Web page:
NOUAKCHOTT (Reuters) - Veteran Algerian jihadist Mokhtar Belmokhtar has rejected a pledge of allegiance to Islamic State by the co-founder of his al-Mourabitoun Islamist group, revealing a rift in one of the Sahara’s most dangerous militant groups.
Last week, Mauritania’s Alakhbar news website posted a recording of a speaker calling himself Adnan Abu Waleed al-Sahrawi claiming to speak on behalf of al-Mourabitoun and urging all jihadi groups to follow Islamic State’s self-proclaimed caliph, Abu Bakr al-Baghdadi.
Al-Mourabitoun was established in 2013 by uniting fighters loyal to Belmokhtar, one of the Sahara’s best known jihadists, and MUJWA, an Islamist group operating in West Africa that was headed by Al-Sahrawi.
Alakhbar, which regularly receives messages from Islamist groups operating in the region, reported at the weekend Belmokhtar had issued a statement saying the pledge was invalid as it had not been approved by al-Mourabitoun’s shura council.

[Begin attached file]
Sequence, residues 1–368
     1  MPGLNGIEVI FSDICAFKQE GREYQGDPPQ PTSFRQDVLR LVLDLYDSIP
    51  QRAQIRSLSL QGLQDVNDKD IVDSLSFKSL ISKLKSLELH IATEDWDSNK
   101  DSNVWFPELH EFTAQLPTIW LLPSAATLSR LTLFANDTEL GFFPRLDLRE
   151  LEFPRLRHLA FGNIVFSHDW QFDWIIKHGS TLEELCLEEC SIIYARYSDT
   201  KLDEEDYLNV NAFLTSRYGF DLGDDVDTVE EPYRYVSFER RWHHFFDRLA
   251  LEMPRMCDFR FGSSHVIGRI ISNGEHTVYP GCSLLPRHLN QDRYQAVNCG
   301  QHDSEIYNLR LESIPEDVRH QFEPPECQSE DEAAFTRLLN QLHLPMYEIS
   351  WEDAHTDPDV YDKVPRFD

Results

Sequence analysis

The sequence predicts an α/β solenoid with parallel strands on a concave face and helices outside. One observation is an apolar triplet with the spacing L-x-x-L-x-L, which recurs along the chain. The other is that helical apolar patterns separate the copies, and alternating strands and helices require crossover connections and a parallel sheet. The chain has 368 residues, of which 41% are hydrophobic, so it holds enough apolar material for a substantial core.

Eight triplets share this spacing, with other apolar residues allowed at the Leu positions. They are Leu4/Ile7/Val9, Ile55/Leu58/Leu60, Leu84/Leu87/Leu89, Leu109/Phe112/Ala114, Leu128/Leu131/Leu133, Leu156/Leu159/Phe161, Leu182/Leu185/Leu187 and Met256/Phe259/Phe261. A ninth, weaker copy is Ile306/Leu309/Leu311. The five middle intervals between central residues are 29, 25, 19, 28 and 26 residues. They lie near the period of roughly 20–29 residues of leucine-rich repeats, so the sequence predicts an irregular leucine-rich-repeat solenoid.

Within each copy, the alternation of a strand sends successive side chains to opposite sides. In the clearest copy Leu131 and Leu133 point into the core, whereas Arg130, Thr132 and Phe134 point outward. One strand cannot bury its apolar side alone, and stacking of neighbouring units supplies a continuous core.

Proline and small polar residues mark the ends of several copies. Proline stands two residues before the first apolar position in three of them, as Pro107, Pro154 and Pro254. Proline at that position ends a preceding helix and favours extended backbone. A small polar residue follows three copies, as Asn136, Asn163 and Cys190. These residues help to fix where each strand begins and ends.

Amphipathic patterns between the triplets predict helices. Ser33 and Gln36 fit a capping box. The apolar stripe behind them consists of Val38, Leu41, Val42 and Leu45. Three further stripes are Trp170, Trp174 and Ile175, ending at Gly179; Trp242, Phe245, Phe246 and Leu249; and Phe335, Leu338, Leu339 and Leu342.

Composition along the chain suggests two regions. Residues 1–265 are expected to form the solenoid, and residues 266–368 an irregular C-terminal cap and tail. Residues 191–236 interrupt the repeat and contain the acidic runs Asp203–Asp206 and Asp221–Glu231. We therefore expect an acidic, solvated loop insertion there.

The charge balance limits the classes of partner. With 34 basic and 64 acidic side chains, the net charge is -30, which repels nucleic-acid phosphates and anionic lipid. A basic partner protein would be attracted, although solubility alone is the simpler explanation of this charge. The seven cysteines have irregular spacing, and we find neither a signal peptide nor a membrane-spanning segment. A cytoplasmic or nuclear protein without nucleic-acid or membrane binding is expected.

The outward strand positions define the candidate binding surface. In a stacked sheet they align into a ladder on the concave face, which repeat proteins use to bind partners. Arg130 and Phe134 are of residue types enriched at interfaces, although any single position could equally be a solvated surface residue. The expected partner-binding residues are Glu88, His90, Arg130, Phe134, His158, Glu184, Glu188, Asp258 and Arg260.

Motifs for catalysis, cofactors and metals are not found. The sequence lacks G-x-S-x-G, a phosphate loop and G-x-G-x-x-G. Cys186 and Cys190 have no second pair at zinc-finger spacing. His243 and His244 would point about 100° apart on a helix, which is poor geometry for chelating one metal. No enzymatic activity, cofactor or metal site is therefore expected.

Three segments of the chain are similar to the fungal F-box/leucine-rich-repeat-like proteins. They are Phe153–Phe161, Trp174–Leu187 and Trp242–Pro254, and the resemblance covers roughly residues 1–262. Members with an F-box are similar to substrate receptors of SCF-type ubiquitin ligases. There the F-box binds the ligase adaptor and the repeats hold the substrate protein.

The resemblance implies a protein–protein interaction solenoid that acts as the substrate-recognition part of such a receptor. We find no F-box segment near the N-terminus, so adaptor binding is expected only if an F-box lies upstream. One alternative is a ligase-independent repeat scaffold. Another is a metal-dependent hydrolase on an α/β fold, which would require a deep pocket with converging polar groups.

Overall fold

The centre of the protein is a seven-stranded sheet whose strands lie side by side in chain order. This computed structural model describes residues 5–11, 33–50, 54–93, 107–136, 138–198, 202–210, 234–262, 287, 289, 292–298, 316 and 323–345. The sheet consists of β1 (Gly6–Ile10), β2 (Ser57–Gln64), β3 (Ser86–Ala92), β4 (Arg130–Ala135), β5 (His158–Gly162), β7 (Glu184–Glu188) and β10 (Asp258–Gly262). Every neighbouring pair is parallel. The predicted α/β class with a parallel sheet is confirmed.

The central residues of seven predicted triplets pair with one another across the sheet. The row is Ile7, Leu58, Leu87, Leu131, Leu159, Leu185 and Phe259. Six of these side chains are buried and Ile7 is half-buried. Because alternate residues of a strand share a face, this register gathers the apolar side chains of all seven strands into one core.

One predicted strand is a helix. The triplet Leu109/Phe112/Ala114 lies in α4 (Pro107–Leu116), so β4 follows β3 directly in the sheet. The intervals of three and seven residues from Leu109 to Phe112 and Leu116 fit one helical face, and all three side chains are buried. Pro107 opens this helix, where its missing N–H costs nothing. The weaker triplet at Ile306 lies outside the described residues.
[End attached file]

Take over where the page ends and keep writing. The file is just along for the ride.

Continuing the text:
A statement from the shura would be issued soon, it added.
Belmokhtar has fallen out with the leadership of al Qaeda’s North Africa wing, AQIM, but repeatedly pledged allegiance to Ayman al-Zawahri, the group’s overall leader.
A mix of Islamists, including MUJWA and Belmokhtar’s fighters, occupied northern Mali in 2012 before being scattered by a 2013 French offensive. They continue to attack local and international forces in Mali.
Nigeria’s Boko Haram has already pledged allegiance to Islamic State, but al-Mourabitoun would be the first Sahara-based outfit to link up with the Sunni Islamist group.
Islamic State, an ultra-hardline offshoot of al Qaeda, has declared a caliphate in captured territory in Iraq and Syria and has gained global notoriety for posting videos of its members killing Arab and Western hostages.
Reporting by Kissima Diagana; Writing by David Lewis; Editing by Mark Trevelyan